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Family environment and the malleability of cognitive ability: A Swedish national home-reared and adopted-away cosibling control study.

Kendler, Ken LU ; Turkheimer, Eric; Ohlsson, Henrik LU ; Sundquist, Jan LU and Sundquist, Kristina LU (2015) In Proceedings of the National Academy of Sciences 112(15). p.4612-4617
Abstract
Cognitive ability strongly aggregates in families, and prior twin and adoption studies have suggested that this is the result of both genetic and environmental factors. In this study, we used a powerful design-home-reared and adopted-away cosibling controls-to investigate the role of the rearing environment in cognitive ability. We identified, from a complete national Swedish sample of male-male siblings, 436 full-sibships in which at least one member was reared by one or more biological parents and the other by adoptive parents. IQ was measured at age 18-20 as part of the Swedish military service conscription examination. Parental educational level was rated on a 5-point scale. Controlling for clustering of offspring within biological... (More)
Cognitive ability strongly aggregates in families, and prior twin and adoption studies have suggested that this is the result of both genetic and environmental factors. In this study, we used a powerful design-home-reared and adopted-away cosibling controls-to investigate the role of the rearing environment in cognitive ability. We identified, from a complete national Swedish sample of male-male siblings, 436 full-sibships in which at least one member was reared by one or more biological parents and the other by adoptive parents. IQ was measured at age 18-20 as part of the Swedish military service conscription examination. Parental educational level was rated on a 5-point scale. Controlling for clustering of offspring within biological families, the adopted siblings had an IQ 4.41 (SE = 0.75) points higher than their nonadopted siblings. Each additional unit of rearing parental education was associated with 1.71 (SE = 0.44) units of IQ. We replicated these results in 2,341 male-male half-sibships, in which, controlling for clustering within families, adoption was associated with a gain of IQ of 3.18 (SE = 0.34) points. Each additional unit of rearing parental education was associated with 1.94 (SE = 0.18) IQ units. Using full- and half-sibling sets matched for genetic background, we found replicated evidence that (i) rearing environment affects IQ measured in late adolescence, and (ii) a portion of the IQ of adopted siblings could be explained by the educational level of their adoptive parents. (Less)
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organization
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type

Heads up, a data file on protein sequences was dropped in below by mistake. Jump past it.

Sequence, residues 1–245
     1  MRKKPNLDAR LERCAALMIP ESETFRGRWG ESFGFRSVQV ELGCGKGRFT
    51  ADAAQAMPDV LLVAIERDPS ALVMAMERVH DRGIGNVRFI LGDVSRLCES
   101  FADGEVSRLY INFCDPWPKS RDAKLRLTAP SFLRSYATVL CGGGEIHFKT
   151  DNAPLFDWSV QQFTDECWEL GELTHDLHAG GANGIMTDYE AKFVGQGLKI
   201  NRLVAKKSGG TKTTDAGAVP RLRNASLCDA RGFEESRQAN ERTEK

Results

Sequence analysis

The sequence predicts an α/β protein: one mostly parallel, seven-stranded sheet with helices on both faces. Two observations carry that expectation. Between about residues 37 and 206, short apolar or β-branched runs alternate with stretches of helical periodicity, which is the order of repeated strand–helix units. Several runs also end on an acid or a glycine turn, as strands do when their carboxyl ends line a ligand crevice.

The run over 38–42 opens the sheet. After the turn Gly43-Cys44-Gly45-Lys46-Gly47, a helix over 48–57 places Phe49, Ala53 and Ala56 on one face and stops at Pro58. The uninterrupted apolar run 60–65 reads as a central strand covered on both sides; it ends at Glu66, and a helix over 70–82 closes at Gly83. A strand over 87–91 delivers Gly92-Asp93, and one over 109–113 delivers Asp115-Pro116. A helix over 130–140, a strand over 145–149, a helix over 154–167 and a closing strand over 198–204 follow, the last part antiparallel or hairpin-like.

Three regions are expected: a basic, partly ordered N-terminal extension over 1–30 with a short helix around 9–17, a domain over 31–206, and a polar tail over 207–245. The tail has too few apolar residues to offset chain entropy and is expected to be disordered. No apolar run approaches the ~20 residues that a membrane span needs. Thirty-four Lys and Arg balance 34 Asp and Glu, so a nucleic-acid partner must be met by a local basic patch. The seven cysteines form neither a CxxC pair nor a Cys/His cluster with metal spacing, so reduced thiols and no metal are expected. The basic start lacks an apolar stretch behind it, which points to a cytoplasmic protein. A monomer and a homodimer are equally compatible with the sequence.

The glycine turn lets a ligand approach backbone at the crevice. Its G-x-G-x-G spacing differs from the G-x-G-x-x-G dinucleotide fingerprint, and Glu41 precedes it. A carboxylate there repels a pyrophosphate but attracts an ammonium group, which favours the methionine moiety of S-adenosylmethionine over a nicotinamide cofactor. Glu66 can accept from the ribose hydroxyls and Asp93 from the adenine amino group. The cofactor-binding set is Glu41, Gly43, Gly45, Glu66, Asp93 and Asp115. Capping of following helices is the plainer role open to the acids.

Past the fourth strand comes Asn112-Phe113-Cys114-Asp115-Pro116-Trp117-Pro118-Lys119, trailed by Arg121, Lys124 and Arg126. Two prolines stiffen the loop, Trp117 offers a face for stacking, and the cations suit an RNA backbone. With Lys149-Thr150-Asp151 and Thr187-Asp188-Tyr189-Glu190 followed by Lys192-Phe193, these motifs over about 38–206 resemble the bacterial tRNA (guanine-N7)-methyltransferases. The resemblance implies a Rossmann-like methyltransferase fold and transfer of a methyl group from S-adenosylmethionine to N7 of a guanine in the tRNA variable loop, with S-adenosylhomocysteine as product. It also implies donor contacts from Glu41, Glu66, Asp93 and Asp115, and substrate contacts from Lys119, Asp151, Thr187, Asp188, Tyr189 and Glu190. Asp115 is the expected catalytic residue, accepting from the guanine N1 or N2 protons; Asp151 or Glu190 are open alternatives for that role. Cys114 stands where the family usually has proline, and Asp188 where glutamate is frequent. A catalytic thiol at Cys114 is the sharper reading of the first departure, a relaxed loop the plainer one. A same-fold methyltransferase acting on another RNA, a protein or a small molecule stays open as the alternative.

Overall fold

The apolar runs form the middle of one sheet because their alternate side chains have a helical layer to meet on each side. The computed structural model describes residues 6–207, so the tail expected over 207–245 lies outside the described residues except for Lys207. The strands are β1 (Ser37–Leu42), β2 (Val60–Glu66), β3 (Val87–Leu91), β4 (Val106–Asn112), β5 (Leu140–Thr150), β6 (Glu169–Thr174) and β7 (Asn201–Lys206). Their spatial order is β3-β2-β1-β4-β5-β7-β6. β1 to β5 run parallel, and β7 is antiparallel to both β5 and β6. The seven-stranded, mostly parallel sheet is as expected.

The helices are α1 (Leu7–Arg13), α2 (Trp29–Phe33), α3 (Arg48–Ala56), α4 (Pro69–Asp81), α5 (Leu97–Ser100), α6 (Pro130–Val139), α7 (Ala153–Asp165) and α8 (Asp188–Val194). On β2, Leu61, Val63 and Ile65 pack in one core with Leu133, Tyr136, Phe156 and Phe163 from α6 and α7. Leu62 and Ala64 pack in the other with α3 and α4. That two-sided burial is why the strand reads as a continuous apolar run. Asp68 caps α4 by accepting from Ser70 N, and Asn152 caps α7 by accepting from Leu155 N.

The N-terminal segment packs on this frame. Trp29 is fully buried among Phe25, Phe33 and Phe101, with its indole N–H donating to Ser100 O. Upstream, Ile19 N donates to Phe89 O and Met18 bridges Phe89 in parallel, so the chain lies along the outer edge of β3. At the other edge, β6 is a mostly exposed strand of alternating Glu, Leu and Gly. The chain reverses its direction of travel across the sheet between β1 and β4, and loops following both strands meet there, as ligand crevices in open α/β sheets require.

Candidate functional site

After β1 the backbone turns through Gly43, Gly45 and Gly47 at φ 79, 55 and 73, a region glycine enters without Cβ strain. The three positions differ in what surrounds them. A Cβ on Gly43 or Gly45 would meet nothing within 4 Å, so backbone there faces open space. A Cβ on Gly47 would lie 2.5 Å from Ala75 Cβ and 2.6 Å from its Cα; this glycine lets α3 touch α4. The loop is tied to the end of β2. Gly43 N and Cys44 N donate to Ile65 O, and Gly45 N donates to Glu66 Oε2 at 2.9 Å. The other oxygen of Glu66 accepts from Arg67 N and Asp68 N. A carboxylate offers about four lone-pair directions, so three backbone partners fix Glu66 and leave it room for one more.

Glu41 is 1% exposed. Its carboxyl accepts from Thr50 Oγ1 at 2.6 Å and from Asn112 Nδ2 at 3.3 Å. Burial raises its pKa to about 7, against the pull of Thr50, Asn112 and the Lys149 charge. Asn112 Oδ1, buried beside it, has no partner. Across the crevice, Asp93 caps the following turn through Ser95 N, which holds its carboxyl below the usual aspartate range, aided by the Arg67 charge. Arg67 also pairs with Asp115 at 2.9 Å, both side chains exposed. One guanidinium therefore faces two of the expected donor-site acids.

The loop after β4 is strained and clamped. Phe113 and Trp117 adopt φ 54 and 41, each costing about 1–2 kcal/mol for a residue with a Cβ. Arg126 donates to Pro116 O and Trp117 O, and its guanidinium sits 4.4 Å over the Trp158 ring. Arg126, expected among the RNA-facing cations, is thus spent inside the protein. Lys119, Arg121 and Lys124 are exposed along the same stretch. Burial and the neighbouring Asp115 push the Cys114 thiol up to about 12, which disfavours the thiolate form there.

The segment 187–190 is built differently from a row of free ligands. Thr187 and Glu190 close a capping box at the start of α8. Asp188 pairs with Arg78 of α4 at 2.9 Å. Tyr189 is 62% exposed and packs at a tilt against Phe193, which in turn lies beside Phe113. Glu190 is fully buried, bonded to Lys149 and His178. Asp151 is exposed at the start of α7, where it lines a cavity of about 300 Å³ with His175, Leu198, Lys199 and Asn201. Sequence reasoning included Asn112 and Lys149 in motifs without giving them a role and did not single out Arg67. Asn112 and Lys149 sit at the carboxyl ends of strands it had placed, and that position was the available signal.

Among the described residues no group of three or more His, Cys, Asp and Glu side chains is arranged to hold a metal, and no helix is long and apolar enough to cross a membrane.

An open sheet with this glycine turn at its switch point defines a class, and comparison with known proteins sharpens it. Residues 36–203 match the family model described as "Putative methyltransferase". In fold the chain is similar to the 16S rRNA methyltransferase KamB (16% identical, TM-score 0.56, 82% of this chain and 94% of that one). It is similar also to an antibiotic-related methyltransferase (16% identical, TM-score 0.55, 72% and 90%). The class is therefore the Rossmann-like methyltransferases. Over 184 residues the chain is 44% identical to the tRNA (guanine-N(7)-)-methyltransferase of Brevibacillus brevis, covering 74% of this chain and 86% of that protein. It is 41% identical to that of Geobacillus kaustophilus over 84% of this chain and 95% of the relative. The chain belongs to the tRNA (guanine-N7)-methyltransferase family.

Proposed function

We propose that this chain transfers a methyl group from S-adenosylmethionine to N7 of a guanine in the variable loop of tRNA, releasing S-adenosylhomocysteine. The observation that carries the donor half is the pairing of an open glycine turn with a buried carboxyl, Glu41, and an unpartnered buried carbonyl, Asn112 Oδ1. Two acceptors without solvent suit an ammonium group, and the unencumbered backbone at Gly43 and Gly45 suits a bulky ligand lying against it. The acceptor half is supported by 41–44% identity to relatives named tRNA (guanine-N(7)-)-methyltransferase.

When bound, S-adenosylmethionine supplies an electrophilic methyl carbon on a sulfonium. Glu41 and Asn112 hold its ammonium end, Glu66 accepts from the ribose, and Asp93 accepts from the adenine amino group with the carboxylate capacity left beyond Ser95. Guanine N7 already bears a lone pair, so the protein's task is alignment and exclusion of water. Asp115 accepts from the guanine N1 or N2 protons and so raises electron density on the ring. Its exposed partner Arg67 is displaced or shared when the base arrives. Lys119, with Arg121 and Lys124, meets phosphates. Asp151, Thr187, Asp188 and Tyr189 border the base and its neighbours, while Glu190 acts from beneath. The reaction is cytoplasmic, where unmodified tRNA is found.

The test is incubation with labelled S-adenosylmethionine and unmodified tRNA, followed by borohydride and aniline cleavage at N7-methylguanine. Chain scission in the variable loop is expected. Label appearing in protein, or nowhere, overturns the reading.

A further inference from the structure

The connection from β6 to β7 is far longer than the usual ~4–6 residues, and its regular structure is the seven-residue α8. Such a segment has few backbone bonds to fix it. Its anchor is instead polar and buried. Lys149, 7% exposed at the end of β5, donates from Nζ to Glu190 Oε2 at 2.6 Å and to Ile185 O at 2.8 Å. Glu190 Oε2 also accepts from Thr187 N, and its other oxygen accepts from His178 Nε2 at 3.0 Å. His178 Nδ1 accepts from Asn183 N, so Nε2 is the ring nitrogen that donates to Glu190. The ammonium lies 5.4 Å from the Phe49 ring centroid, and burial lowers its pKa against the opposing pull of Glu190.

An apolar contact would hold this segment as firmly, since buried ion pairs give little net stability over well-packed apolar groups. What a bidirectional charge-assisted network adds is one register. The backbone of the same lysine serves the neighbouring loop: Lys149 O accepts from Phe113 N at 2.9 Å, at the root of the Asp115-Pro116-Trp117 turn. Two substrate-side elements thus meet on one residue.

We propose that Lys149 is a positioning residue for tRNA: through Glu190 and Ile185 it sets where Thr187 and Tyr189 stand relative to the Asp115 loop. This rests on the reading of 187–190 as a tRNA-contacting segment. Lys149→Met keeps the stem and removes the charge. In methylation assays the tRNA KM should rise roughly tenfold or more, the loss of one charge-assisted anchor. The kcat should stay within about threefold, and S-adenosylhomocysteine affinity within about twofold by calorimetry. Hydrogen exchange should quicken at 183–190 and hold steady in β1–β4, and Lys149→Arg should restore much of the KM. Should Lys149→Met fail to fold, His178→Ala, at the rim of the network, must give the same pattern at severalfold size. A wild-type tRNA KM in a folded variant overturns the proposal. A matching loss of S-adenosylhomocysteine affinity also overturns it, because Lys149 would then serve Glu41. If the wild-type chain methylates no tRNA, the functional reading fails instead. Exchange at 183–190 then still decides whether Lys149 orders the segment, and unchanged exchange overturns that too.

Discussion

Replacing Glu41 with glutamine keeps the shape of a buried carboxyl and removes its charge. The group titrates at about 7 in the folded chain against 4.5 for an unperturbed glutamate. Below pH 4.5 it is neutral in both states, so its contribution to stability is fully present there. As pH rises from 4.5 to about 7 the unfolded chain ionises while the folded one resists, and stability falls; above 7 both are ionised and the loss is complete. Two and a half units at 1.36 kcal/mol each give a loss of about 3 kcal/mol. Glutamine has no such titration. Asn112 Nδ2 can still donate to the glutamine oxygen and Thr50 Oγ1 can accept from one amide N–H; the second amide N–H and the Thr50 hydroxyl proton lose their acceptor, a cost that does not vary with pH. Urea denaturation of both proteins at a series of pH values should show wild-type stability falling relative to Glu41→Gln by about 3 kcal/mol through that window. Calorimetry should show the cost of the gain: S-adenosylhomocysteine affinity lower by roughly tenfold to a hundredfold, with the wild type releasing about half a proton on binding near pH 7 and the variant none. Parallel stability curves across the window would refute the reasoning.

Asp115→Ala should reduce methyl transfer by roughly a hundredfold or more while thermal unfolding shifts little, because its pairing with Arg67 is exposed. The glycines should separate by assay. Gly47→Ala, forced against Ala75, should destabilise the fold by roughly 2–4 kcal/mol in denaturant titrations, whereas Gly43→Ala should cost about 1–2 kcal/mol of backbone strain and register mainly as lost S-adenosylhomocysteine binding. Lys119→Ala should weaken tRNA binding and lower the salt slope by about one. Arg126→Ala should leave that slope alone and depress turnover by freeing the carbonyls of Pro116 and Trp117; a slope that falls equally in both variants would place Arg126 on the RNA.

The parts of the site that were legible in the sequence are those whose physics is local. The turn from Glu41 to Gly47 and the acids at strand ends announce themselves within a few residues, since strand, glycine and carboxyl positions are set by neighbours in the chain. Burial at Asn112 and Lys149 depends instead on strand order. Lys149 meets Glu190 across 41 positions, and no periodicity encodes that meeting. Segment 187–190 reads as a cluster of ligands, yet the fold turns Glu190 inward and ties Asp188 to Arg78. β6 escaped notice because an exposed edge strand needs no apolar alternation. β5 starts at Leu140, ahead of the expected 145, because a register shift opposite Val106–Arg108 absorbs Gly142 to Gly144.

Contribution to journal
publication status
published
subject
in
Proceedings of the National Academy of Sciences
volume
112
issue
15
pages
4612 - 4617
publisher
National Acad Sciences
external identifiers
  • pmid:25831538
  • wos:000352856800042
  • scopus:84928152357
ISSN
1091-6490
DOI
10.1073/pnas.1417106112
language
English
LU publication?
yes
id
be8070d3-0743-4a19-b3ff-f6bc49ded93b (old id 5360312)
alternative location
http://www.ncbi.nlm.nih.gov/pubmed/25831538?dopt=Abstract
date added to LUP
2015-05-07 18:37:19
date last changed
2017-11-05 03:08:43
@article{be8070d3-0743-4a19-b3ff-f6bc49ded93b,
  abstract     = {Cognitive ability strongly aggregates in families, and prior twin and adoption studies have suggested that this is the result of both genetic and environmental factors. In this study, we used a powerful design-home-reared and adopted-away cosibling controls-to investigate the role of the rearing environment in cognitive ability. We identified, from a complete national Swedish sample of male-male siblings, 436 full-sibships in which at least one member was reared by one or more biological parents and the other by adoptive parents. IQ was measured at age 18-20 as part of the Swedish military service conscription examination. Parental educational level was rated on a 5-point scale. Controlling for clustering of offspring within biological families, the adopted siblings had an IQ 4.41 (SE = 0.75) points higher than their nonadopted siblings. Each additional unit of rearing parental education was associated with 1.71 (SE = 0.44) units of IQ. We replicated these results in 2,341 male-male half-sibships, in which, controlling for clustering within families, adoption was associated with a gain of IQ of 3.18 (SE = 0.34) points. Each additional unit of rearing parental education was associated with 1.94 (SE = 0.18) IQ units. Using full- and half-sibling sets matched for genetic background, we found replicated evidence that (i) rearing environment affects IQ measured in late adolescence, and (ii) a portion of the IQ of adopted siblings could be explained by the educational level of their adoptive parents.},
  author       = {Kendler, Ken and Turkheimer, Eric and Ohlsson, Henrik and Sundquist, Jan and Sundquist, Kristina},
  issn         = {1091-6490},
  language     = {eng},
  number       = {15},
  pages        = {4612--4617},
  publisher    = {National Acad Sciences},
  series       = {Proceedings of the National Academy of Sciences},
  title        = {Family environment and the malleability of cognitive ability: A Swedish national home-reared and adopted-away cosibling control study.},
  url          = {http://dx.doi.org/10.1073/pnas.1417106112},
  volume       = {112},
  year         = {2015},
}